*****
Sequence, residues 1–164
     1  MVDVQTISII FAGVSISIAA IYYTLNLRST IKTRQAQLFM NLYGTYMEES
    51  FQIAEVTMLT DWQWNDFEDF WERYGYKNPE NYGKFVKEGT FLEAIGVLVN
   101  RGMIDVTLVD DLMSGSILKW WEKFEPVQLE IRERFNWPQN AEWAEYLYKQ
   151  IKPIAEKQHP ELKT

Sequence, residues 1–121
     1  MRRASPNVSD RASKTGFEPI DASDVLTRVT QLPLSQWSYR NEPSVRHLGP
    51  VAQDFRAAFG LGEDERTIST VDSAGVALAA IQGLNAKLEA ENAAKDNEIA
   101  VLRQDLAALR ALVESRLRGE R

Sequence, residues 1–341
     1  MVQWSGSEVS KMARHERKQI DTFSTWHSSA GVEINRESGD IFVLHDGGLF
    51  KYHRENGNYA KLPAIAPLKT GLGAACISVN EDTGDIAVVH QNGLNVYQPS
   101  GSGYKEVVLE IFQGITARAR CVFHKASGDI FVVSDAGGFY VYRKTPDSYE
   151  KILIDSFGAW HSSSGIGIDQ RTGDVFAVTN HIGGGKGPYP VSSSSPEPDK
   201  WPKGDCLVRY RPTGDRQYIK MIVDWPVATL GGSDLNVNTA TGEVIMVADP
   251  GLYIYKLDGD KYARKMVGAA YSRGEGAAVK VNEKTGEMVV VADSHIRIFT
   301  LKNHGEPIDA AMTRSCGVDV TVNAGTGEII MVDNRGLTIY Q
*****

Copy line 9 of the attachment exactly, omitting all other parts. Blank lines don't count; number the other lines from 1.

   101  VLRQDLAALR ALVESRLRGE R